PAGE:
It was a killing thing to look at the mother of my children and know that we would not be together for the rest of our lives. It was terrifying to say good-by, to reject a part of my own history.
When I went through my divorce I saw it as a country, and it was treeless, airless; there were no furloughs and no holidays. I entered without passport, without directions and absolutely alone. Insanity and hopelessness grew in that land like vast orchards of malignant fruit. I do not know the precise day that I arrived in that country. Nor am I certain that you can ever renounce your citizenship there.
Each divorce has its own metaphors that grow out of the dying marriage. One man was inordinately proud of his aquarium. He left his wife two weeks after the birth of their son. What visitors noticed next was that she was not taking care of the aquarium. The fish began dying. The two endings became linked in my mind.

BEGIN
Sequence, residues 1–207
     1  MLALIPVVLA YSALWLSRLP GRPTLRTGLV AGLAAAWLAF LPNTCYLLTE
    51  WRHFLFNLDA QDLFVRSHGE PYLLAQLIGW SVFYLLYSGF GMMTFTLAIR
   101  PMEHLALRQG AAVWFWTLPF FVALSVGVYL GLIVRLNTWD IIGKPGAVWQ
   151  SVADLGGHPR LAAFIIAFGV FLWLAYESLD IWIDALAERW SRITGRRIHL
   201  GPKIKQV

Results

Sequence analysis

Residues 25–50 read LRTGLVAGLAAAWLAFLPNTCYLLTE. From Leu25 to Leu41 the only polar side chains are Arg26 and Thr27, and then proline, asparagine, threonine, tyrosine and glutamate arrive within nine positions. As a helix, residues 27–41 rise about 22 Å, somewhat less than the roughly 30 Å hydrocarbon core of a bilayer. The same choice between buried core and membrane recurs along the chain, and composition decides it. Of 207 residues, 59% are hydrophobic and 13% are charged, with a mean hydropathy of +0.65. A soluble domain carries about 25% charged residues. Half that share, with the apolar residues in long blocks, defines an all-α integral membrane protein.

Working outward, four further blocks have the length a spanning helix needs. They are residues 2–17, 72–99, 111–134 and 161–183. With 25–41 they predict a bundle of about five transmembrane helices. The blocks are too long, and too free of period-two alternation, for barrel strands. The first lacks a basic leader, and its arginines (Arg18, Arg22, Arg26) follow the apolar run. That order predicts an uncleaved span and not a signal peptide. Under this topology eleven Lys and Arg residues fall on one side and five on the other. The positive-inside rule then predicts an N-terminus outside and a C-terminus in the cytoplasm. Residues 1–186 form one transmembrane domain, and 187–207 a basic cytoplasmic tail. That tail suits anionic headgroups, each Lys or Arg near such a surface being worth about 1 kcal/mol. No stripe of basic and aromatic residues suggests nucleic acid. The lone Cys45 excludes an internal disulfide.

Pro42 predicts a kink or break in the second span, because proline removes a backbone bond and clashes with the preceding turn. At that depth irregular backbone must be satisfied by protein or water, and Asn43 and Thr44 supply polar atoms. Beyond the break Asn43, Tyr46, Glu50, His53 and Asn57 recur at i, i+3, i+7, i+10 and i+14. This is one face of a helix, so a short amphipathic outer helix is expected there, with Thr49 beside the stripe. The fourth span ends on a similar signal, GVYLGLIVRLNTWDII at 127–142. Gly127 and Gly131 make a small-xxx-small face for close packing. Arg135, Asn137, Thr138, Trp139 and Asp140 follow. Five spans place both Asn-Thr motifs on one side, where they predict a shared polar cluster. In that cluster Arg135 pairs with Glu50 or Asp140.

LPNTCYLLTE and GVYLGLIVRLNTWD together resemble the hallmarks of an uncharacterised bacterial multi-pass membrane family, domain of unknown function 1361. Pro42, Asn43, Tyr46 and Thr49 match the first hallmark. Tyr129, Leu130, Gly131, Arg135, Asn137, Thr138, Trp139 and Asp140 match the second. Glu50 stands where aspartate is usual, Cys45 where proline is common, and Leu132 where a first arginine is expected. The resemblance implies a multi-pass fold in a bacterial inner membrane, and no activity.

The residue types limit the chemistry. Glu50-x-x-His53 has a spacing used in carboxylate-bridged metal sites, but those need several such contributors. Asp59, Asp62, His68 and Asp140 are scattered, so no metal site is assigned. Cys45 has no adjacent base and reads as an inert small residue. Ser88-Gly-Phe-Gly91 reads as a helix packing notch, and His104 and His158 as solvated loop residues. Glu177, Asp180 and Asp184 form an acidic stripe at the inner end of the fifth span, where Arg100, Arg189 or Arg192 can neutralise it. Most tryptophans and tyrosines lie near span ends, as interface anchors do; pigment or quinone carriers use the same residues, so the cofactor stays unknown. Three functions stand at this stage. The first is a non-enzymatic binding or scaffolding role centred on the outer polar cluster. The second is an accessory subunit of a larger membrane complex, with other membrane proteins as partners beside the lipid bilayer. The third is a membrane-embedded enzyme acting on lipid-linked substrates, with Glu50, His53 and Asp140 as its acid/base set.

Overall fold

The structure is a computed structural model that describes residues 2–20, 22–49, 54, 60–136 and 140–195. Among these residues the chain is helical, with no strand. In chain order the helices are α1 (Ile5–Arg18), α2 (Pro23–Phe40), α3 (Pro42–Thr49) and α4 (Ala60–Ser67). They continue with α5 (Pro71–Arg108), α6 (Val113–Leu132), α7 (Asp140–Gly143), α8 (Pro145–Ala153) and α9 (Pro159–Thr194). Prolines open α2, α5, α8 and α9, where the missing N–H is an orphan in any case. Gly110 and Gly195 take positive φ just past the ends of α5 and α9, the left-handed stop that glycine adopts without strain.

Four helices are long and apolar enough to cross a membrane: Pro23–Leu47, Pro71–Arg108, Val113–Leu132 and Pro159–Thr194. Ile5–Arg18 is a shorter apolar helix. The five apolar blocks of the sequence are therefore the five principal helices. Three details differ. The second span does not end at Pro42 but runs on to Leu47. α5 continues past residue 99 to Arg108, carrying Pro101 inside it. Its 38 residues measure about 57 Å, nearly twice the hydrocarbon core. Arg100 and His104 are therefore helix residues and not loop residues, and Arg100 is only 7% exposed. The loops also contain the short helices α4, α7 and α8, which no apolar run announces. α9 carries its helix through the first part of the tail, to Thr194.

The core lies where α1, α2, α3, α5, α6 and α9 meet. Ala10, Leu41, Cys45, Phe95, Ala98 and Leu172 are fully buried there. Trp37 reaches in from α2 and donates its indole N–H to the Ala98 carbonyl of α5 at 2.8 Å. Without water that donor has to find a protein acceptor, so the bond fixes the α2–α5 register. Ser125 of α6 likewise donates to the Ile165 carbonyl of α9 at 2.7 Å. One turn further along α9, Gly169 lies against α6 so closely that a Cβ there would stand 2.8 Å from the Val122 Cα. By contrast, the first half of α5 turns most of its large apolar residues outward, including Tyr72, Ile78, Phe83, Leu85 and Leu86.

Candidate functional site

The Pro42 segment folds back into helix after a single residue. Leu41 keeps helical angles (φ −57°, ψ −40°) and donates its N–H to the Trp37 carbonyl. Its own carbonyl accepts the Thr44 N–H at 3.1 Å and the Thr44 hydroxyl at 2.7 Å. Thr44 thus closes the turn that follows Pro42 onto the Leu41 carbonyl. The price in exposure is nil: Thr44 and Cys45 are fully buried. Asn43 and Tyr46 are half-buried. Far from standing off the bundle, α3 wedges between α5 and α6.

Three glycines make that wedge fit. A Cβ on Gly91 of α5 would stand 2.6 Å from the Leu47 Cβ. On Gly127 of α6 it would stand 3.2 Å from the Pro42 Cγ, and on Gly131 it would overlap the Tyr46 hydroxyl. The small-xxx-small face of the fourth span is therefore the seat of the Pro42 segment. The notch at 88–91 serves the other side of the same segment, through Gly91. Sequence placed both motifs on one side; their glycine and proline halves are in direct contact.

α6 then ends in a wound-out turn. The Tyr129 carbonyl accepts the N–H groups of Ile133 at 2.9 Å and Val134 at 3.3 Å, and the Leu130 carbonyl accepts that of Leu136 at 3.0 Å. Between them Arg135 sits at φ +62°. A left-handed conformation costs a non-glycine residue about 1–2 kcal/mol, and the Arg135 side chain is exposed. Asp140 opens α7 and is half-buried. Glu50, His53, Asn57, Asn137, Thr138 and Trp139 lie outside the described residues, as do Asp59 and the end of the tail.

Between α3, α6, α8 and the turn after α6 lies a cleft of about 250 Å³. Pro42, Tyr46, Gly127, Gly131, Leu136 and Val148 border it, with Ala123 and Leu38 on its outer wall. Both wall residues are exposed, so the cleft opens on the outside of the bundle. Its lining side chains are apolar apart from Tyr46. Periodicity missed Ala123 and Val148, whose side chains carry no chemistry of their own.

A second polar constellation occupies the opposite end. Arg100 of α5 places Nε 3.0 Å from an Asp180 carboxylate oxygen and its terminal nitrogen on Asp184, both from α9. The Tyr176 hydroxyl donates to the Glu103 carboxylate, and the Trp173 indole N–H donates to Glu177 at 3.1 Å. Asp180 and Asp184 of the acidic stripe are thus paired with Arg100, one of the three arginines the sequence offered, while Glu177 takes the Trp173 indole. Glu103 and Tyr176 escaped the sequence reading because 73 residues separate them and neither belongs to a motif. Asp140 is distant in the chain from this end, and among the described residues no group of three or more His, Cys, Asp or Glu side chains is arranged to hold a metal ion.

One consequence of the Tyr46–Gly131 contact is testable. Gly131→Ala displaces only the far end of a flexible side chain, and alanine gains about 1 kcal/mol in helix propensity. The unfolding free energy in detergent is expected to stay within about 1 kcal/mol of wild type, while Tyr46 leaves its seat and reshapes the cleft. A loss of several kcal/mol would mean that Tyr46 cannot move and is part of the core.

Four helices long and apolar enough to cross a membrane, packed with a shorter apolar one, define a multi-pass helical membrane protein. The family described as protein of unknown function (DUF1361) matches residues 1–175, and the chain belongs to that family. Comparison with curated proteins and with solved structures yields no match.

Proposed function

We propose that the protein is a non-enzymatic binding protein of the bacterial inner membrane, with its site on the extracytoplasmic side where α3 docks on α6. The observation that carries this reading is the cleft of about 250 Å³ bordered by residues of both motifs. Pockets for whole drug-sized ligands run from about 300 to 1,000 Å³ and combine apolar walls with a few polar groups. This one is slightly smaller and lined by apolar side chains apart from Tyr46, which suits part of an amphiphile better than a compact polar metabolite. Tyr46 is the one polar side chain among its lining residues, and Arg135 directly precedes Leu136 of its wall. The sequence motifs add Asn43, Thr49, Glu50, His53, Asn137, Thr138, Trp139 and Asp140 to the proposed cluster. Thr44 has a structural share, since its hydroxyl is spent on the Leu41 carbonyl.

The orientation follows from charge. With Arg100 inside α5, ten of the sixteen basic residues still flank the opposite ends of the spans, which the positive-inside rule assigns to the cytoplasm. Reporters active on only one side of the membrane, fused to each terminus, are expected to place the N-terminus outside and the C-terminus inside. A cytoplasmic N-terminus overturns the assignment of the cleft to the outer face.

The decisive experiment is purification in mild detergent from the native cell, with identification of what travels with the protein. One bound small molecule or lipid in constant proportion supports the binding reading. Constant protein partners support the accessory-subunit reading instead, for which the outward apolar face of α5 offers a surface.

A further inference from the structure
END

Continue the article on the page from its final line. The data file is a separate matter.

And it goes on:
For a long time I could not discover my own metaphor of loss--until the death of our dog, Beau, became the irrefutable message that Barbara and I were finished.
Beau was a feisty, crotchety dachshund Barbara had owned when we married. It took a year of pained toleration for us to form our alliance. But Beau had one of those illuminating inner lives that only lovers of dogs can understand. He had a genius for companionship. To be licked by Beau when you awoke in the morning was a fine thing.